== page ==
Question on whether to plant, leave potted (indoors vs.

Asked November 14, 2019, 2:28 PM EST

So I have a serious dilemma and I'm hoping for some help. I live near Charlotte, Michigan (Zone 5) and it's 30 degrees out right now and daytime highs appear to not get much above 40 anytime for the next 10-15 days. Late November looks like daytime highs in upper 30's but we've got 3-4 inches of snow on ground still.

So I have a number of unplanted trees and perennials. The perennials are mostly hydrangea shrubs, all different specific kinds and trees are 1/3 evergreens (gold&yellow arborvitae/juniper), 1/3 hydrangea trees (all diff kinds) and 1/3 flowering cherry & flowering crabapple trees.

1) Should I be planting anything at all now or just leave everything in their pots over winter?

2) Is planting trees better over the winter in ground or if they're in a pot outside is that fine?

3) Where should I keep any over winter potted plants? I have a detached, unheated garage and lots of land and even a full basement with some empty rooms.


Eaton County Michigan

1 Response

Thank you for contacting Ask an Expert.

First of all welcome to the plant lovers group! We were all novices once and we too are hooked and loving it.

You are in a difficult spot as many of us are in Michigan! Who would have thought we would have had January weather in November!

First of all, ideally your plants should have been in the ground a month or two ago. Fall is an excellent time to plant. Since you have so many I'm hoping you took advantage of sales at local nurseries.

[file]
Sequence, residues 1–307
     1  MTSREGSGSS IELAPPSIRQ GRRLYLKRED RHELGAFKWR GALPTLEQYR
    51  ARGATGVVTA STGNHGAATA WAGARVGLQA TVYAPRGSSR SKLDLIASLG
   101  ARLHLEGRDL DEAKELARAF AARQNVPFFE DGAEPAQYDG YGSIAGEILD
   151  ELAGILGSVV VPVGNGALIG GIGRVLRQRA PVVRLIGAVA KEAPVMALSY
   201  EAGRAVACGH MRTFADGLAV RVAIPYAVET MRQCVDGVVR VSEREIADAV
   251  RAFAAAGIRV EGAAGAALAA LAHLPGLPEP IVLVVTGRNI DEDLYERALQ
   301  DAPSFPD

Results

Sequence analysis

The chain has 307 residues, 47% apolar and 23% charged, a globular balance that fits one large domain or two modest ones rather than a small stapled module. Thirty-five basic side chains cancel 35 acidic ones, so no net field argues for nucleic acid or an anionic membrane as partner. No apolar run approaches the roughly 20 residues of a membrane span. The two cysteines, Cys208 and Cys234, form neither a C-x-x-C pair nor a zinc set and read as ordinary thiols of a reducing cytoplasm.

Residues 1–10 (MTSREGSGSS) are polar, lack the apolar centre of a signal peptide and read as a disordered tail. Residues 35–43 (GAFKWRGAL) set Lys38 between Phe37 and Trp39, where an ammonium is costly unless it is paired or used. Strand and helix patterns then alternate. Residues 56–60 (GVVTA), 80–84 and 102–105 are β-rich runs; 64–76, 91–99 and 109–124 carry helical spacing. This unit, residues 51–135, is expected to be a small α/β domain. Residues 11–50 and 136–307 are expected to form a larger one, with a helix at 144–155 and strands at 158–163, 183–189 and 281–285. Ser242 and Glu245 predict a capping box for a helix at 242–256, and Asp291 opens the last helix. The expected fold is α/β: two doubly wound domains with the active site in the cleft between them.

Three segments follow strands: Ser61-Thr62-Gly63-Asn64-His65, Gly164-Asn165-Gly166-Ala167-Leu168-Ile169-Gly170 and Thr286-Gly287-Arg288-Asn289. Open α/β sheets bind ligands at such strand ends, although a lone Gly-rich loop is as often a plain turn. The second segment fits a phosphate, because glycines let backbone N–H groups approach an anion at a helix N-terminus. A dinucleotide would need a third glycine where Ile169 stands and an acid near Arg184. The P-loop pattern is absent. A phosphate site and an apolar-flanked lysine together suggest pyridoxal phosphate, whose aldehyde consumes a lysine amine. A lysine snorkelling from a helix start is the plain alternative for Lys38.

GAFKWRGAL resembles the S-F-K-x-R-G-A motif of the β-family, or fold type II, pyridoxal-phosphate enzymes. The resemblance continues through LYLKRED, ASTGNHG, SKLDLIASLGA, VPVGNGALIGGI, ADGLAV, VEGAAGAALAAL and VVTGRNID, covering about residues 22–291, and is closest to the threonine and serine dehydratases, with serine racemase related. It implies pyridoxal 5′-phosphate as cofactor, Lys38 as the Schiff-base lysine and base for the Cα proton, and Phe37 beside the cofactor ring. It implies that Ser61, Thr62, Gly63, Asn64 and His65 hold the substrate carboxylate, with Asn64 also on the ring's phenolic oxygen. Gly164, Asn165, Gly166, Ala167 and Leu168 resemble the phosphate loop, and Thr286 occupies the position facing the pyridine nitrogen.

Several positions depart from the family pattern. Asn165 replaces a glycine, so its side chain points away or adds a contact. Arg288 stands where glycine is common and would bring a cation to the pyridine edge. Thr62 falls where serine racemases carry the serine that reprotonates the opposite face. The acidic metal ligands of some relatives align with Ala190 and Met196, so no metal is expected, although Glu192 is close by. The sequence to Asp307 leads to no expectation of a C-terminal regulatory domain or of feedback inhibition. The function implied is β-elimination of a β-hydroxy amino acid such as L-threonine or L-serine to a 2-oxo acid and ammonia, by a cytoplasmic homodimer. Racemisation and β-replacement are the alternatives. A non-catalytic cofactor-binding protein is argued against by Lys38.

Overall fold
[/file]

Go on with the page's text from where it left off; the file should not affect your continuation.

You have a few options. It sounds like next week we will have a bit of a thaw. If your ground is not frozen you can still plant. Just make sure you add a thick layer of mulch (like leaves or straw) on top of the base of your plants. Good planting techniques take a bit of time and since you are short on time one of the easiest things to do is sink the pots in the ground again covering with mulch. The other option is to store them in your unheated garage and if possible mulch them there to protect them from subzero temps which are sure to come our way. The plants you have should overwinter with cold temps but not in a heated basement. This will probably be your best option at this late date.

Make sure that your plants are not dry whatever method you choose.

Here are some links which might be helpful.

I hope you have found these useful. Good luck and start planning for a wonderful spring.